Download the virtual appliance (.ova) file to your hard drive. You can go for the full Ubuntu VM cs60base (3.3G to download, 8G when installed) or the lighter version cs60mini (1.5G to download, <5G installed). This file contains a compressed virtual machine. Import the virtual machine as follows:

Before you start the virtual machine, you must create a "Host-only Adapter" for the virtual network that your host computer and the VM will share. If this adapter has not been created, the VM will fail to start, like this:

Create it as follows:

You can now start your machine:

After your machine starts and you log in (look for the password on Piazza or ask your grader), start a terminal and get a root shell (sudo bash). You will only see the loopback interface lo; eth0 is present but not configured. Configure it with commands in See (*) caveat below regarding pinging your host Mac ( in this example configuration).

The configuration script is this:

Now it's time to configure NAT on your host computer. Shown are the commands for MacOS, explained further on nat-configuration-log.txt.

It didn't work for me the first time, because I picked the wrong interface to work with NAT (i.e., the interface actually connected to my LAN and, through it, to the Internet). I had to redo the NAT rule (more in the log linked above):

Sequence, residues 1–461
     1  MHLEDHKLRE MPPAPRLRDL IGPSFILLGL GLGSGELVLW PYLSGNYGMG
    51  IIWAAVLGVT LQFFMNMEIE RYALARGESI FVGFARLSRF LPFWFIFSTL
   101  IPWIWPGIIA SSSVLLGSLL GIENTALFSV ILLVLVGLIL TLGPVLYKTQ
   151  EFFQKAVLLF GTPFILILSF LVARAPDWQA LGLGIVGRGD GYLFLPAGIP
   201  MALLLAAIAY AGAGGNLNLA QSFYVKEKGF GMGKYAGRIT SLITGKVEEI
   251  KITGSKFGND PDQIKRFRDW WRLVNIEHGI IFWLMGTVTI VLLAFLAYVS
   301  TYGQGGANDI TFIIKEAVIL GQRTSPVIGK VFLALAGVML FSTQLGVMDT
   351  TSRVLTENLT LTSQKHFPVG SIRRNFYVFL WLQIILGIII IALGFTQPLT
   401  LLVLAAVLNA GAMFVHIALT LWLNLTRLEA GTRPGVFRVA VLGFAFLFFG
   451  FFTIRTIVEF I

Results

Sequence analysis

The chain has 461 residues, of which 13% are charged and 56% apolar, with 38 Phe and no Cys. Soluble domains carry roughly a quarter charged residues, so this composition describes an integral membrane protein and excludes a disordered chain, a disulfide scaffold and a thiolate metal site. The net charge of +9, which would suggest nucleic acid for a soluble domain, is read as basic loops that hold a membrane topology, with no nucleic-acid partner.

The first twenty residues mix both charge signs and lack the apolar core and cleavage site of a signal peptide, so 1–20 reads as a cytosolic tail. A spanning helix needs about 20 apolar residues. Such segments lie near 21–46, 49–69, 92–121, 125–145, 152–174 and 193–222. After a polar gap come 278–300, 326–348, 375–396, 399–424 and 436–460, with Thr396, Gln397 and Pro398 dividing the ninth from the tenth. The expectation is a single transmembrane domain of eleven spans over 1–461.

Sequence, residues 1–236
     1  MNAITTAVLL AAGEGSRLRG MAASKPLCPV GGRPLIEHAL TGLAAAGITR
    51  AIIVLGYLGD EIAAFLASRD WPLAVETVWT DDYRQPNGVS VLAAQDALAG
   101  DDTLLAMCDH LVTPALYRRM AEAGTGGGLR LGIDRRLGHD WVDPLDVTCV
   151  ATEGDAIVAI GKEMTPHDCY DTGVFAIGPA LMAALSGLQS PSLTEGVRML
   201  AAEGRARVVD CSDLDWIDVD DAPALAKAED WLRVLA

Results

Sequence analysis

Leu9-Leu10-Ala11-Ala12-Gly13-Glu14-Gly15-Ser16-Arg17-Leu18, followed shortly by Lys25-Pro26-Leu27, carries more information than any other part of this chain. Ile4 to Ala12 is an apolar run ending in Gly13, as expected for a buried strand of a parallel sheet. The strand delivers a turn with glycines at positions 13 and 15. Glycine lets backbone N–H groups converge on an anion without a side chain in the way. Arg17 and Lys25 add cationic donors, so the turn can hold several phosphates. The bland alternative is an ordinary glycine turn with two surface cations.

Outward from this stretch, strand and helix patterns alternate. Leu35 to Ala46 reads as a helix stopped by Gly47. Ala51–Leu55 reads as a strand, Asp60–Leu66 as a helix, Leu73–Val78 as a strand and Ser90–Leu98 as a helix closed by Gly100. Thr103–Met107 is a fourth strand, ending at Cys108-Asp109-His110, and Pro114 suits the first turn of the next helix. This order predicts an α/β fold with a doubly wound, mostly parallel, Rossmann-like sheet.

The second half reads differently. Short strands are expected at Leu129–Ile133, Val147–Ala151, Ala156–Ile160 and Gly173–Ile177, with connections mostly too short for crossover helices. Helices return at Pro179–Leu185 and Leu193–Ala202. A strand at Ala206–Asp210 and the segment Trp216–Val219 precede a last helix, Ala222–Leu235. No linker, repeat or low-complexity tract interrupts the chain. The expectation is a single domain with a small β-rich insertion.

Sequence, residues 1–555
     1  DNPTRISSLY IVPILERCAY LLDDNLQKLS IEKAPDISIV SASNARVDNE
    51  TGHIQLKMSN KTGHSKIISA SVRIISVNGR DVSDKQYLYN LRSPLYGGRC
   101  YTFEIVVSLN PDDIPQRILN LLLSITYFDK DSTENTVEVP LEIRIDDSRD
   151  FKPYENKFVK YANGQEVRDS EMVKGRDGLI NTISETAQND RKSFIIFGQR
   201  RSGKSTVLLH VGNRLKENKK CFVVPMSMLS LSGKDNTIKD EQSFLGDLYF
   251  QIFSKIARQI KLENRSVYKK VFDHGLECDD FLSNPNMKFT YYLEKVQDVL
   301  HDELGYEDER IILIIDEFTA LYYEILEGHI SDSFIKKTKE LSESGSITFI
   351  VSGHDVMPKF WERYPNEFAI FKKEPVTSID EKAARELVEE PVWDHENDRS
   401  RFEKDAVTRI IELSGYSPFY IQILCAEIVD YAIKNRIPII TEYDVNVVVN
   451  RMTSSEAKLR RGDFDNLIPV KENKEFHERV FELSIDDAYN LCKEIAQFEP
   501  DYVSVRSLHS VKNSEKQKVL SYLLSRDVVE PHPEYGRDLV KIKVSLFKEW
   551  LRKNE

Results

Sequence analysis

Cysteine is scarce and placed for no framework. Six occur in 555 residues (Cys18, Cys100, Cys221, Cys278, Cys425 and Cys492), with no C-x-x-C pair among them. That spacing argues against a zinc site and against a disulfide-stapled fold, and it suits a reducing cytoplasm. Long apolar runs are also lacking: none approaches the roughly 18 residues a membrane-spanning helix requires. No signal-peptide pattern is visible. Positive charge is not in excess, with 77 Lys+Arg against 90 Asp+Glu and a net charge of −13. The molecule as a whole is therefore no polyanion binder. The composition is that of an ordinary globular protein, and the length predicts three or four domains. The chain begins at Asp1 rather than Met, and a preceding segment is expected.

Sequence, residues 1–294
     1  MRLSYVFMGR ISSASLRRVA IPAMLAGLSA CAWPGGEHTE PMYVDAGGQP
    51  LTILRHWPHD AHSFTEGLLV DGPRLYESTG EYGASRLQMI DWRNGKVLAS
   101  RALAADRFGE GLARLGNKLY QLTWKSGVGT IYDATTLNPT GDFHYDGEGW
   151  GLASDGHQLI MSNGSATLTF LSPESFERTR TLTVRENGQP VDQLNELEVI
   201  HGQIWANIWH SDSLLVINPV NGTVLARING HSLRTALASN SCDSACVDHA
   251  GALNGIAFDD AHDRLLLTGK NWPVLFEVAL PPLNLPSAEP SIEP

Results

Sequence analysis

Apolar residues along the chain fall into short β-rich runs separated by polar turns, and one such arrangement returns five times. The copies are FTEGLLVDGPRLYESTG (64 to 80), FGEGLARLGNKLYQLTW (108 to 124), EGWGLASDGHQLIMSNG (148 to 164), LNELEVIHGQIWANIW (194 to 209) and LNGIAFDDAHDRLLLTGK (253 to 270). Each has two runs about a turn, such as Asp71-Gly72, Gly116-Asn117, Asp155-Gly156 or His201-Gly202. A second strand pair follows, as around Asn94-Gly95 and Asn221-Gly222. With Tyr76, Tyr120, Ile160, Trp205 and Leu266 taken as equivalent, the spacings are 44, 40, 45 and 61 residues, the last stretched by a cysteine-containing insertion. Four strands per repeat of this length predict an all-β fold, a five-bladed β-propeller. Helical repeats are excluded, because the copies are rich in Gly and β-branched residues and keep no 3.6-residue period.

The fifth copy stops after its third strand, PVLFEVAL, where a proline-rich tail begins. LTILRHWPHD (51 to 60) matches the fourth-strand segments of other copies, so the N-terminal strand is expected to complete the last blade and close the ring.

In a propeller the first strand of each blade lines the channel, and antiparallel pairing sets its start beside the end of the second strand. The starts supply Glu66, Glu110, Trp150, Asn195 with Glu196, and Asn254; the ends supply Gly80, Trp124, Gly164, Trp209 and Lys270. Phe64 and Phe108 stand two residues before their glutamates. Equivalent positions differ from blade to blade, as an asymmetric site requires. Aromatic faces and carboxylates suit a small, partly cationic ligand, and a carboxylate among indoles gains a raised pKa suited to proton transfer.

Then it worked. I could ping the Internet:

Finally, I checked that my DNS resolution worked too:

(*) Caveat: to be able to ping your host Mac from the VM, you need to make sure your Mac responds to pings, i.e., its "Stealth mode" is off in the Firewall configurations. Check this as follows:

If you use Windows, or cannot configure NAT on your Mac, there is another way to get both virtual connectivity to your host on 192.168.56./24 and to the Internet. For this, you will need to shut down your machine, add a new emulated NAT interface eth1 to it, and configure the two interfaces.

Note: unfortunately, you cannot add an interface to a running or suspended VM in VirtualBox. You really need to shut down the VM for the option to become available.

First, we check that eth1 isn't there already:

Then we shut down the machine.
Now you can add a new adapter via Settings:

Now start the machine and configure eth0 and eth1. Note that you now specify only the IP address of eth0, not the default route or DNS server---all these would come from DHCP over eth1 now.

Note the new routing table. The default route is now through eth1, through the internals of VirtualBox NAT implementation, which also provides the emulated DHCP server we just used. But, your host's vboxnet0, is still connected, and you can ping the host.

Finally, observe that the DNS configuration was also obtained from DHCP. In my case, it points to my home router (manufactured by Westell, hence the rather useless "search" configuration):

So this way you have two interfaces: one connected to a virtual LAN where your host machine also emulates an interface, and another through a classical LAN network, which is all internal to VirtualBox, and into which don't have any visibility from the host (and no emulated interface with 10.0.3.x shows on your host's ifconfig list of interfaces).